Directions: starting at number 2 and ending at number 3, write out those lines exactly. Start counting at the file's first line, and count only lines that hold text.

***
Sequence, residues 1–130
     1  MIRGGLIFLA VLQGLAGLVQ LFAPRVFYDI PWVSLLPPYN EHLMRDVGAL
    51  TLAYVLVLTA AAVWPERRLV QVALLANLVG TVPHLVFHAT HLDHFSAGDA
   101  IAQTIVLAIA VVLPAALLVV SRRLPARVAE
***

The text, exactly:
     1  MIRGGLIFLA VLQGLAGLVQ LFAPRVFYDI PWVSLLPPYN EHLMRDVGAL
    51  TLAYVLVLTA AAVWPERRLV QVALLANLVG TVPHLVFHAT HLDHFSAGDA